Everyone will have seen the plethora of empty shops throughout the City Centre and there could be more bad news on the way with HMV having recently entered into administration and lots of other retailers reporting a big downturn in shopper numbers and consumer spending. Mike Ashley (of Sports Direct and Newcastle FC fame) has predicted the death of the high street in the next few years.
One of the main reasons given for HMV’s administration was a huge business rates bill and other retailers are arguing that by having to pay large business rates bills they simply cannot compete with online retailers who do not have that cost.
So what are Business Rates? Business rates, officially known as national non-domestic rates, are typically payable by the persons entitled to possession of commercial premises, whether or not that person is in actual occupation (effectively Council Tax for businesses). However, if a landlord is not in occupation or entitled to possession (because they have let the premises) the liability falls on the occupational tenant.
With more and more pubs, shops and restaurants becoming empty (an increase of over 4,400 in the first 6 months of 2018 compared to the same period in 2017) more and more landlords are being faced with a double whammy of no income and a continued rates bill. Such landlords will have a short window of 3 months “empty rates relief” after a property has become vacant but full rates are payable thereafter.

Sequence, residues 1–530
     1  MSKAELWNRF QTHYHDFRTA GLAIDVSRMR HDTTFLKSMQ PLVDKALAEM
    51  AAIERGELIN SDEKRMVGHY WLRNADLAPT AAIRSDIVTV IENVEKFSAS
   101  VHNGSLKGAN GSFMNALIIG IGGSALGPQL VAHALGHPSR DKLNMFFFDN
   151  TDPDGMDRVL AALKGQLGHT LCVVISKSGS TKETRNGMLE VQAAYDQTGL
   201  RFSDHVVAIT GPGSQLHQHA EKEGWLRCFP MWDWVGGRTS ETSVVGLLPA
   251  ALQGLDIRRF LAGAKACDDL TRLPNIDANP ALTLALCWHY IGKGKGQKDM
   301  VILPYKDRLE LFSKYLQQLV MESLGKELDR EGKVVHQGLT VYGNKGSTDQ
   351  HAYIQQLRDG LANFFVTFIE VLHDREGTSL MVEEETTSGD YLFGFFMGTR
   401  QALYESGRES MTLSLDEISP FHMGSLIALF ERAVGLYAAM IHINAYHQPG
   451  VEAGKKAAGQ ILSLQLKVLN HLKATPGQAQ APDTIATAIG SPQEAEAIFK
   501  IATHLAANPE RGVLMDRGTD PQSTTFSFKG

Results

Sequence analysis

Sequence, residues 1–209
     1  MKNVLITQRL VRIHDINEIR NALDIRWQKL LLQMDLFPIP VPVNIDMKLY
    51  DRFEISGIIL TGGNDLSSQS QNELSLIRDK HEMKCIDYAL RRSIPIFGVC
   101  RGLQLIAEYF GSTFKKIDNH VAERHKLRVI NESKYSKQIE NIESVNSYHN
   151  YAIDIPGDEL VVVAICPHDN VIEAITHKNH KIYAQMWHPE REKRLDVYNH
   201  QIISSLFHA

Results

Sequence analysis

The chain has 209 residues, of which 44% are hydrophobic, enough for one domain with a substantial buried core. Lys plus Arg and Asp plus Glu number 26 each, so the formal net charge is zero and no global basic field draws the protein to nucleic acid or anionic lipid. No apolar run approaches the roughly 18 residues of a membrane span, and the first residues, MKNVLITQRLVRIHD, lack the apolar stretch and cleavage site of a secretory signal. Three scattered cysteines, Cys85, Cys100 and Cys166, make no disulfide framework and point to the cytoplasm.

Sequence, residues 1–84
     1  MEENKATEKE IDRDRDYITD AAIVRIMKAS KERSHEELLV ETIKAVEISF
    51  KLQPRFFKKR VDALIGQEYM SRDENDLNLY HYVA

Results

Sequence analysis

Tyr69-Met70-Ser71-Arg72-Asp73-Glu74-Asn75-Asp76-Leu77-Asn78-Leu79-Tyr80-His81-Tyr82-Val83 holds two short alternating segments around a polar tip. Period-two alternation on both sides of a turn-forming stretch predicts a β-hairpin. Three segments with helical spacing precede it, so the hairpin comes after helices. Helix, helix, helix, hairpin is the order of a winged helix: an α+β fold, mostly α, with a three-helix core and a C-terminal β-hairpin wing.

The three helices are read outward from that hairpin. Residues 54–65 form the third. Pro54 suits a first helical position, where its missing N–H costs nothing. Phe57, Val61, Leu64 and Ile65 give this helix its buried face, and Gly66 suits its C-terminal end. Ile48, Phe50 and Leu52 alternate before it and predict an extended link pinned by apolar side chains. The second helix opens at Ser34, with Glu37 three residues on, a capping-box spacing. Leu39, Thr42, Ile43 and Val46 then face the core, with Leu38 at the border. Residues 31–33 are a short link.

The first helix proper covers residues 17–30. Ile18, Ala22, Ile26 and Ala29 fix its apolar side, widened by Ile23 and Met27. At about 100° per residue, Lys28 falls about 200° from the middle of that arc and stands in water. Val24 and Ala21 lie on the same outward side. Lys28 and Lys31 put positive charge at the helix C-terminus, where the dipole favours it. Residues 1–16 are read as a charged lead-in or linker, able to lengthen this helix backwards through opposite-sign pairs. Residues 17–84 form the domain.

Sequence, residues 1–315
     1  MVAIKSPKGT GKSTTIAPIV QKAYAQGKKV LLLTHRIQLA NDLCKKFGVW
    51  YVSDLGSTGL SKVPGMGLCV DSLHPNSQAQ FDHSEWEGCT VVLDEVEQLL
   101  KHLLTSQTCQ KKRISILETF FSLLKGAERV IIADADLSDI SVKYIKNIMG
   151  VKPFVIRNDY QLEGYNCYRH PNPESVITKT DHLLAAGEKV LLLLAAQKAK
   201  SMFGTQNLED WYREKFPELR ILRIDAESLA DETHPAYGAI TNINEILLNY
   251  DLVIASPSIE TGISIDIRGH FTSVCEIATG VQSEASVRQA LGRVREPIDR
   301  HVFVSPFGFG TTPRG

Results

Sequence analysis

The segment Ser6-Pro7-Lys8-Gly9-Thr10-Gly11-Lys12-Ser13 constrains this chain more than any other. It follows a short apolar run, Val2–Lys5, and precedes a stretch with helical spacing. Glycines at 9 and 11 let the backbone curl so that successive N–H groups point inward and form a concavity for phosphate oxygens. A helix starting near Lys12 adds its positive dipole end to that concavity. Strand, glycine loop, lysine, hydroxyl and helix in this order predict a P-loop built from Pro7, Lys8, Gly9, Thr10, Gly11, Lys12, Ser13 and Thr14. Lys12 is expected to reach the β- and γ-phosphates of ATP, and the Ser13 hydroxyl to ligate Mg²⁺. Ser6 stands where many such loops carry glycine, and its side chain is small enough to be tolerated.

This has led to landlords letting properties to charities for a reduced rental (charities have a reduced liability for business rates if certain conditions are met) but also letting properties to “professional occupiers” whose sole motive is to avoid or reduce business rates for a landlord.
A recent high court case considered the role of these professional occupiers. The way it works is the landlord lets the property to the occupier for a period of at least 6 weeks. The occupier assumes the rates liability for their period of occupation (although is not occupying for any real purpose) but then vacates leaving a further 3 months empty rates relief period available. The tenant receives a fee assessed by reference to the rates saved by the landlord.
The high court had to consider whether the motive to reduce the landlord’s business rates liability and absence of any true business purpose meant the ratings authority could ignore the professional occupier’s period of occupation and continue to charge the landlord in full. Fortunately for many landlords the high court decided not. A really helpful decision for landlords and perhaps a little chink of light in these otherwise tough times.